|Pudge, a Lionhead, is a therapy rabbit and "just a character," according to George Larue. "We keep him in the house and he has the run of the place. He frolics in the living room and jumps up and down on the couch and from lap to lap."|
You could — except you probably weren’t there.
Rabbit shows are not like dog or cat or horse shows, where hundreds or even thousands of spectators view the judging. It’s not because of a high cost of admission (there is no charge). It’s because the only people who know about the shows are rabbit raisers. They get notified by the various local, regional, or breed associations to which they belong. That’s the way it’s been for a hundred years or more.
I went to my first rabbit show in 1947. I can’t begin to remember all the shows I have been to since then, but they really haven't changed much in all that time. They take place in a barn or convention hall. The rabbits sit in carrying cages on the floor in the middle. The judging tables line the walls. Exhibitors mill around the tables to see breed class winners get a spot in a holding cage behind the judge and then come back for a process of elimination right down to the top pair. Once the Best in Show and Best Reserve are determined, all the rabbits go home. Few members of the general public ever see them, with the exception of the county or state fair show, where the rabbits are cooped for a week or so.
|Poppy, a Netherland Dwarf and therapy rabbit, is "just a laid back little girl. We use hats to sit her in and for people to hold her. She loves the attention," says George Larue, "but is a bit quiet and always sits still."|
There is one other place prospective prizewinners spend their time: a fenced-in backyard or closed shed or barn. With the possible exception of family and friends and a few fellow rabbit raisers, nobody else can tell they are there (rabbits don't make a sound, of course).
There are people who don’t like the idea of backyard rabbits at all: close neighbors who imagine odors, speculate about diseases, and perhaps even worry about real estate values; mischievous local kids, town zoning officials, and the vandals and terrorists who call themselves animal rescue activists come to mind. When I profiled rabbit raisers for the book Rabbit Housing, some were afraid even to reveal their locations.
These are real concerns that put many rabbit raisers in a defensive posture. But a good offense can be a good defense. And showing off the rabbits can be a good offense.
Accomplished rabbit raisers keep sparkling clean rabbitries lined with self-cleaning wire cages, self-feeders, and automatic watering. The ventilation is great and the manure goes promptly to the compost bin. Raisers of show rabbits have the best facilities, so they shouldn’t be shy about having people in to see them.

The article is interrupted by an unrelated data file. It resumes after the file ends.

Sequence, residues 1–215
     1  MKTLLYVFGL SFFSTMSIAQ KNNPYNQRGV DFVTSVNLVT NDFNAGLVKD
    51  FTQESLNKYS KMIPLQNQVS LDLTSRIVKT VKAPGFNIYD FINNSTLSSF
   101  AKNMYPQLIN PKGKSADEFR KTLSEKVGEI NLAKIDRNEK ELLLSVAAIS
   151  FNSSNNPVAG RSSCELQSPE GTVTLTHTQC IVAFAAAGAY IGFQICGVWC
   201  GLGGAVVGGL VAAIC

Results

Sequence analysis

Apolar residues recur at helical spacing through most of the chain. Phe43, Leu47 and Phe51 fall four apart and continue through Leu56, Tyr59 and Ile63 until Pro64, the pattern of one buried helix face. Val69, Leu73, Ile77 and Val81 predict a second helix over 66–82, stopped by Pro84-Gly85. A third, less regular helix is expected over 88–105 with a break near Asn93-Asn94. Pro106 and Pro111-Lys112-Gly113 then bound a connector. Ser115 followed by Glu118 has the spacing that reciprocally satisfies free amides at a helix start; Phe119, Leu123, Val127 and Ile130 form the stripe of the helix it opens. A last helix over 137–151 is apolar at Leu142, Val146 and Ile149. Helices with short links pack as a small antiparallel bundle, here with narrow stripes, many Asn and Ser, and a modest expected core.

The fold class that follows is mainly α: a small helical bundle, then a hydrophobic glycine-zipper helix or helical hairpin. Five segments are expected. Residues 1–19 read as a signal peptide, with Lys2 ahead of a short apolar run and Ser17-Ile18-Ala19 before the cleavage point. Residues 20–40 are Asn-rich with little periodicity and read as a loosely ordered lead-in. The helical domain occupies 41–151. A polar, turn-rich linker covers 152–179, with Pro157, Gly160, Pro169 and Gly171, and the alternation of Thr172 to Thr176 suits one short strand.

Rabbits can also go to farmers’ markets and feed stores on exhibit days and bring sales, but also create a constituency in the community that will help protect them from various adversaries.
How they do that can is ably portrayed by a couple from Lynchburg,Virginia: George and Gwen Larue. George is an ARBA registrar and soon to be a rabbit judge. He has been raising and exhibiting rabbits for a long time. Gwen is an active partner in the rabbit enterprise.
The Therapy Rabbit
|Pep, one of the Larue’s therapy rabbits, is an English lop. George Larue says she is "the rambunctious type, and a hoot to play with — a very friendly bunny who loves attention and being held and petted."|
George and Gwen operate a group home for troubled teenage girls and have involved them in rabbit breeding and showing. The couple spends 15 hours a day with the girls and live on campus, so the job is really 24–7. These girls, who may have been abandoned or neglected, walk down to the rabbit barn every day to help feed and care for them. Most of the girls have become quite attached to the rabbits. Apart from rabbit care, the girls head to the barn for a quick bunny fix when they’re feeling blue.
“Within minutes of picking up a bunny, the stress leaves them and they feel so much better,” Gwen said of the rabbits' calming effect. After all, what's softer and warmer than a fluffy bunny?
That’s just one variety of rabbit therapy.
The Larues invite youth groups, such as Girl and Boy Scouts and 4-H clubs, to visit the rabbits. They also take the rabbits on therapy trips to nursing homes, hospitals, hospices, daycare centers, children’s camps, and schools. Well-documented outcomes from these trips are quantitative and heartwarming for both the people at the facilities and the Larues as well. Young children’s reading comprehension has actually gone up. Elderly patients’ blood pressures have actually gone down. The Larues get a lot of satisfaction. Even the most misguided vandals who would put the Larues out of business would have to contend with a large list of rabbit-loving constituents.
If you would like to learn a lot more about the Larues and their rabbit activities, and the marvelous results of rabbit therapy, visit their website for the complete story. You may not get to a rabbit show—you may not even care to go—but a therapy rabbit just might show up in your vicinity. They come in all varieties, sizes and colors, furry and fluffy. While they are not a new breed, they are doing really new and wonderful work.
Photos courtesy of George and Gwen Larue.
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Bob Bennett is the author of seven books on rabbit raising, including Rabbit Housing and Storey’s Guide to Raising Rabbits, as well as numerous magazine and newspaper articles. He has served as the editor of Rabbits magazine, a contributing editor to Countryside magazine, and the founder of Domestic Rabbit magazine and is a past director of the American Rabbit Breeders' Association. He lives in Vermont, where he has raised rabbits for more than 50 years.